• Difficult guests can be challenging at times
  • On your feet a lot, carrying trays of food and drink
  • Long work hours, evening and weekends

Characteristics and Skills

  • Strong interpersonal skills
  • Attentiveness to customer needs
  • Hard working
  • Positive attitude—many hiring managers will place more importance on attitude vs. skills because skills can be easily taught, whereas attitude can’t.

How Much Does a Server Make?

On average servers in the U.S. earn $25,830, though the minimum wage and cash tips influence take-home pay.

Learning how to get a job at a restaurant and bring in great tips boils down to acquiring the very same skills: friendliness, flexibility, and being a team player who puts the customer first. Read our blog post for more information: How to Get a Job at A Restaurant (and Make Great Tips)

How Do Tips Work in a Restaurant?

The way tips are shared differs by the establishment, but here are two common methods:

  1. Tip Outs: Servers and bartenders tips the support staff out directly, at their discretion from the total tips they earn after a shift.
  2. Tip Pooling: Servers pool 20% to 100% of their tips, and the manager distributes the pool to support staff based on percentages determined by a points system.1

If a busser has 7 points, a server has 15 points and a bartender has 10 points, then a $1,000 total tip is pooled distributed with these proportions:

  1. Tallying the total points (32)
  2. Dividing the total points into all tips to get the value per point ($31,25 or $1,000/32)
  3. Multiplying the value per point by each position meaning the busser receives $218,75, the server $468.75 and the bartender, $312.50

Pro Tipping Tip: When applying for a job at a restaurant, ask about the average take-home tips for the position to get an idea of what you can expect to earn besides your basic wage.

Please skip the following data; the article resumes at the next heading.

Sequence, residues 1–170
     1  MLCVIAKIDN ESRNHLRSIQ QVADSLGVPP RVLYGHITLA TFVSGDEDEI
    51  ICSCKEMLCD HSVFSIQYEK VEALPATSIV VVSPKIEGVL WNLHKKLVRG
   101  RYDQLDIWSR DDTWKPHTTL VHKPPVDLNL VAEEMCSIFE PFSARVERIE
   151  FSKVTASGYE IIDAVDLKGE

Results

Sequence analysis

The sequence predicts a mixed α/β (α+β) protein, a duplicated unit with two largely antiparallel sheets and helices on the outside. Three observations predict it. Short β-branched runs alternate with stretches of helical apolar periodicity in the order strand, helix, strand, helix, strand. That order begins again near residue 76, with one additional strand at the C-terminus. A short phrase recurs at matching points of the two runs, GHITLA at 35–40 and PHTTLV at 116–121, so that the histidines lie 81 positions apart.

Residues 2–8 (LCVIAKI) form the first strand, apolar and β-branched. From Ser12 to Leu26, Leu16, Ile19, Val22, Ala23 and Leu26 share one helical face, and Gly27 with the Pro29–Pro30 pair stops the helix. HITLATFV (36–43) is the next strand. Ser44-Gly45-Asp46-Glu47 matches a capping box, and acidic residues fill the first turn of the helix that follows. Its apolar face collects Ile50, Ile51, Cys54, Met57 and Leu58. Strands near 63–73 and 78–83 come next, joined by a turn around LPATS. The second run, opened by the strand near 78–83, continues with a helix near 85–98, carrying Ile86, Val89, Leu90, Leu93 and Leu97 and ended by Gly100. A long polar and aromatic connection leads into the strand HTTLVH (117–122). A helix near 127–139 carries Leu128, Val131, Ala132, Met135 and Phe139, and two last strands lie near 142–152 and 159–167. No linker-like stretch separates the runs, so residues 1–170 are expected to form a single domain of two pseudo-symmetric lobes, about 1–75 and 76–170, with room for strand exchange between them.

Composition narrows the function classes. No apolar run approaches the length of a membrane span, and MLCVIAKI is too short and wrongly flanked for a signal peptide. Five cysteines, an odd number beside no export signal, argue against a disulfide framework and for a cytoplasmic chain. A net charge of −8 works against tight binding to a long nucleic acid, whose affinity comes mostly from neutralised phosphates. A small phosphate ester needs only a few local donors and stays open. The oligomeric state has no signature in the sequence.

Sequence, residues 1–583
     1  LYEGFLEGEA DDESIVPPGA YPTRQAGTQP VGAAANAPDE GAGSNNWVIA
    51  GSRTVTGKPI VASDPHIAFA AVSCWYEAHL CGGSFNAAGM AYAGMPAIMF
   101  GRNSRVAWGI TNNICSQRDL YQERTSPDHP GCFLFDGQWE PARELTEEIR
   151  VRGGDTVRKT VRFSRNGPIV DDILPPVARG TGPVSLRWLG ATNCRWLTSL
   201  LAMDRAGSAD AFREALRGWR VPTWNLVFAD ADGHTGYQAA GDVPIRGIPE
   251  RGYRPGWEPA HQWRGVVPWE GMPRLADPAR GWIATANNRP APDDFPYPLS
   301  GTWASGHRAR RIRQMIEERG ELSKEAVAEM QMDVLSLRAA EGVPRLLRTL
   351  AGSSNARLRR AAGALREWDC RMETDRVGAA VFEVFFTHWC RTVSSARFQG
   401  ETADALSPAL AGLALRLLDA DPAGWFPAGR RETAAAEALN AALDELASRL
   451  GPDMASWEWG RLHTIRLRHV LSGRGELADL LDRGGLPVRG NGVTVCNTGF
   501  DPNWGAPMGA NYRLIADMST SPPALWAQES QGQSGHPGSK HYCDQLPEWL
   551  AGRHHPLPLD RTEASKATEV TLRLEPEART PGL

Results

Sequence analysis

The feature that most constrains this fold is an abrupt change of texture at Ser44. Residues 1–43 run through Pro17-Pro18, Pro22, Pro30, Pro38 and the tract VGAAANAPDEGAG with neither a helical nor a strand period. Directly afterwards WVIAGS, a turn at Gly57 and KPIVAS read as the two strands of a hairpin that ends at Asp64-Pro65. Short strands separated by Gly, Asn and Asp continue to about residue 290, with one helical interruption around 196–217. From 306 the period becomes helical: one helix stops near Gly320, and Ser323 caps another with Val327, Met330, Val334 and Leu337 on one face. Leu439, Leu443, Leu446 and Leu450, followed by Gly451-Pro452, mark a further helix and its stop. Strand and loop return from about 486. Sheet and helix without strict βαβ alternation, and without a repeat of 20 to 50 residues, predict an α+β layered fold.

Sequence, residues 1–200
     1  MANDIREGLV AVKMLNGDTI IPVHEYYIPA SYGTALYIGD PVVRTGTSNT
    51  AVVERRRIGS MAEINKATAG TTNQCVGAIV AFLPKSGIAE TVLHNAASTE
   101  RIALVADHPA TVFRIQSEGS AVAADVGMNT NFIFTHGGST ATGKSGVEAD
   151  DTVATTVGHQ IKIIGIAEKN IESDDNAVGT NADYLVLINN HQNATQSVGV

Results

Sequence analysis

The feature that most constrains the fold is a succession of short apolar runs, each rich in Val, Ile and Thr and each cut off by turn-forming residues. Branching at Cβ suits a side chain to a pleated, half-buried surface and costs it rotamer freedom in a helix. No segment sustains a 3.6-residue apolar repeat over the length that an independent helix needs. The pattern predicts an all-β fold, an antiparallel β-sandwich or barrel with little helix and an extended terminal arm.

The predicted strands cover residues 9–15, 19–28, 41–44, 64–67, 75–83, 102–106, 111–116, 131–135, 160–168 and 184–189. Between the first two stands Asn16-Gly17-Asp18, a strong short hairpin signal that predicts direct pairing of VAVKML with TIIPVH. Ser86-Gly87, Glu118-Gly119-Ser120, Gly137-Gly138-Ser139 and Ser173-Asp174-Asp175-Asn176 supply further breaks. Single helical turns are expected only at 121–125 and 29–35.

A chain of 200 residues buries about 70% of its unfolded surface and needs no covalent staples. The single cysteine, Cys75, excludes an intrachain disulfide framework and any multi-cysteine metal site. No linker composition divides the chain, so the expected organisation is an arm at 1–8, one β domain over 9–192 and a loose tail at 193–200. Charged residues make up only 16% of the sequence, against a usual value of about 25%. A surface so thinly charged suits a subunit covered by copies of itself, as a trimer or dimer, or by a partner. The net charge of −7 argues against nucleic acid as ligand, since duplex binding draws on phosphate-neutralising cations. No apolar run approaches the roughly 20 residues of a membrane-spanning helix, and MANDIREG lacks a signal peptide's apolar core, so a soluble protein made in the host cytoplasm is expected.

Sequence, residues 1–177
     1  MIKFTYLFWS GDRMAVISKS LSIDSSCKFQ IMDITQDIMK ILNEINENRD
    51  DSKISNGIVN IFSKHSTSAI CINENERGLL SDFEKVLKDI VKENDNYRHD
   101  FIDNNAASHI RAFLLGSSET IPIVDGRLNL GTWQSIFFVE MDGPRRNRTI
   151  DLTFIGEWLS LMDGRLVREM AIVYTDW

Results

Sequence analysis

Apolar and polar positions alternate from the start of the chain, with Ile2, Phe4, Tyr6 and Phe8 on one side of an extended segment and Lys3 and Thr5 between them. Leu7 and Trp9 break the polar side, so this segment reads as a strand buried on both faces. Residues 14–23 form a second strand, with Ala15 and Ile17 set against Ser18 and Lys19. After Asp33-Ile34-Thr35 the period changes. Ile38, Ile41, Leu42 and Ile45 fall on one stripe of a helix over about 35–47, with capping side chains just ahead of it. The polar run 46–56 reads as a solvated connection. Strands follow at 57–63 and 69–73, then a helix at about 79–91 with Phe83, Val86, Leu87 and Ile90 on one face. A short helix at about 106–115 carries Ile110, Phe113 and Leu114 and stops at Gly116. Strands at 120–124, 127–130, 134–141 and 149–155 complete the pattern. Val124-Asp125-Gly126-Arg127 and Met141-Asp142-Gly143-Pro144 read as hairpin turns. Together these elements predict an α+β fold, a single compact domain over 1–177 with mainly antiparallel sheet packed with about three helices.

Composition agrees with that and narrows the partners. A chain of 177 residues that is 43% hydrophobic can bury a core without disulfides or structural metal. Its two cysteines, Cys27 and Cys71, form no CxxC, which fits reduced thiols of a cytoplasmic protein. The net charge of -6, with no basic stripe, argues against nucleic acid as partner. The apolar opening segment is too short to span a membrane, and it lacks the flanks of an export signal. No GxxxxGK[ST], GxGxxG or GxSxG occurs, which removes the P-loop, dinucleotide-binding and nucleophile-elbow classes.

How to Be a Good Server (and Earn Great Tips)

No guide to working in a restaurant would be complete without a walkthrough of how to make great tips as a server. The following five ‘tipping tips’ will help you become a fantastic server and earn great take-home cash.

Tip 1: Be Positive and Attentive

Some people believe that earning great tips requires years of experience and skill. But this isn't always true. Many customers will reward new servers with gratuities even if they forget to bring the ketchup and hot sauce. Having a warm, genuine, and positive attitude, and showing your willingness to attend to a customer’s needs goes a long way to providing exceptional service.

Tip 2: Anticipate Guests Needs

When you welcome your customers for the first time, analyze the table, and assess their needs. Then, adjust your service style accordingly. Some diners want your undivided attention. Others don’t. It’s your job to assess and adapt. Furthermore, monitor tables from a distance, so you’re always able to give customers what they want without them having to ask. This means, for example, monitoring customer drink levels to see when they’re low, and asking for a top up before they do.

Tip 3: Be an Effective Problem Solver

Problems are bound to arise—maybe the food isn’t prepared to the customers liking, or you made a mistake with the order. When a mistake happens and you feel yourself getting flustered, stop. If the situation is urgent, ask a manager or colleague to cover you, and take a short bathroom break, or pop outside for some air. Bring your attention back to your breathing, taking three, full mindful breaths, noticing the physical sensations of breathing. When you’re ready, return to the situation. Trying to fix problems while worked up, tends to only make matters worse.

Tip 4: Apologize Once and Move On

Have you ever been to a restaurant where the server is overly apologetic? Sure you have. The problem with apologizing more than once and is that you risk exaggerating a service problem and encouraging customers to do the same. Once, you’ve listened to the complaint, let your customer know you hear them, take responsibility for whatever specific actions you took that lead to the mistake, then focus on fixing the problem. Remember, whatever is said, don’t take things personally.

Tip 5: Master the Cross and Upsell

Cross-selling is where you recommend certain complementary items with a meal, e.g., pairing Cabernet Sauvignon with a steak. Upselling, on the other hand, is where you entice diners to upgrade or buy a more expensive version of a dish.